Contractual and Lease Agreements
We could spend a whole day on contractual risk transfer, which includes contracts with builders and inspectors, as well as lease agreements. Contracts are documents used to transfer risk to another party. So the question is: what risk(s) is/are being transferred to you through this document? Can your insurance program(s) handle the risk being transferred to you? These are all great questions to ask your insurance consultant and legal counsel. Always read and understand each contract you are signing.
There are three main things a lot of contracts either ask you to do, or you should be asking the other party to do:
1. Additional Insured: When you add someone as additional insured to your general liability policy, that means you are now sharing your limits of insurance with someone else. If you have $1 million of liability coverage, you are now splitting that $1 million of coverage between two parties. Just think how many additional insureds you add in a year, and the number of parties you could be sharing your liability limits with.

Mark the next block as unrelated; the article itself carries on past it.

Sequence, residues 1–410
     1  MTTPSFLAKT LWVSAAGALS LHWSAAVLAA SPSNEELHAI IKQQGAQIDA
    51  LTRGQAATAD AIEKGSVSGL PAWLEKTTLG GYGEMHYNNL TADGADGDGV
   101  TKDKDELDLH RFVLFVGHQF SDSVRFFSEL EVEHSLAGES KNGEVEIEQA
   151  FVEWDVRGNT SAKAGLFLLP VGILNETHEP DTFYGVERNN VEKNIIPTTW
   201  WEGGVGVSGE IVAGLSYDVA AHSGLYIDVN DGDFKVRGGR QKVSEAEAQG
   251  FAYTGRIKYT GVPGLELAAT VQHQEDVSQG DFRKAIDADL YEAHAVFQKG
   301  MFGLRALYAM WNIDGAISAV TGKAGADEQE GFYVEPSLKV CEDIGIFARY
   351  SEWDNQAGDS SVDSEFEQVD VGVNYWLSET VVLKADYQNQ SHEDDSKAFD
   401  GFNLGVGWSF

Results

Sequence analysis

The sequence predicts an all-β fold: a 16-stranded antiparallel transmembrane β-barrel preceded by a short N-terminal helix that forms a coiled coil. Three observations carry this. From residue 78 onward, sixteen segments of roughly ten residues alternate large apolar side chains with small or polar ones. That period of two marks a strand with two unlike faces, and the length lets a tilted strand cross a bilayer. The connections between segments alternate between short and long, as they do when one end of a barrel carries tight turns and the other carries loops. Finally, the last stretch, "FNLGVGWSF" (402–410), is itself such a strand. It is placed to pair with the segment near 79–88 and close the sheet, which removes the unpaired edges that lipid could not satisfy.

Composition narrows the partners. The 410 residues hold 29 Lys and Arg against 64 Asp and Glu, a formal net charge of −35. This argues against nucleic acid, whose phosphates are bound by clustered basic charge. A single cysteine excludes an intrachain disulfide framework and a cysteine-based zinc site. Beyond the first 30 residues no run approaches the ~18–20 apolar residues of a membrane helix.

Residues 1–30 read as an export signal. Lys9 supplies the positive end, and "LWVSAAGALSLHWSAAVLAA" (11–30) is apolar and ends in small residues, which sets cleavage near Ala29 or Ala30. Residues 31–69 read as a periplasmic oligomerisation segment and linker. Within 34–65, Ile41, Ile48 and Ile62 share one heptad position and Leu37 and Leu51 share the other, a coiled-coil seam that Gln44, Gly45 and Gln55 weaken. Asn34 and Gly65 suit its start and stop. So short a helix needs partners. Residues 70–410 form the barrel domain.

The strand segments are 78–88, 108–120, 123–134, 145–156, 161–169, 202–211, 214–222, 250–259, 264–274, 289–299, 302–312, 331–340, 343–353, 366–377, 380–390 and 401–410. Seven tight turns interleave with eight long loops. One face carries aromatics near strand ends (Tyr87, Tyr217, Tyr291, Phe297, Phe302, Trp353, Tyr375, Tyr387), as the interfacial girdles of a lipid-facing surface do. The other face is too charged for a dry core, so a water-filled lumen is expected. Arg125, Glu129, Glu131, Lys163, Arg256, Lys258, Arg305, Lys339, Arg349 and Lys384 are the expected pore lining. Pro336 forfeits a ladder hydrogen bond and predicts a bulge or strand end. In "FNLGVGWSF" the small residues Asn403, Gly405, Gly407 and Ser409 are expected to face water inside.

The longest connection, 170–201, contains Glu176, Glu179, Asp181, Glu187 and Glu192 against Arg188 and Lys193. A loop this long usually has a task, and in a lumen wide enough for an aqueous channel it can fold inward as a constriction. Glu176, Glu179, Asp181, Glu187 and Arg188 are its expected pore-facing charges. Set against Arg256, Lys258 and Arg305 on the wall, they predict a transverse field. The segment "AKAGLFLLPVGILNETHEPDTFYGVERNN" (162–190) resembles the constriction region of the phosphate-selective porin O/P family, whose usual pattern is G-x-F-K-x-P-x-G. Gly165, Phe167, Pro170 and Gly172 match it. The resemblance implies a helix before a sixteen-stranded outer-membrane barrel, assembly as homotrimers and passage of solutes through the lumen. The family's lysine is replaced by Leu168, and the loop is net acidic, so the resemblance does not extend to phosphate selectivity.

2. Primary and Non-Contributory: This is an endorsement that can be added to the general liability policy that essentially says: “Whichever party is adding this to its GL policy is stating that its liability policy is primary (will respond first), and that the general liability policy of the organization that is requesting this will not contribute in any way, shape, or form.”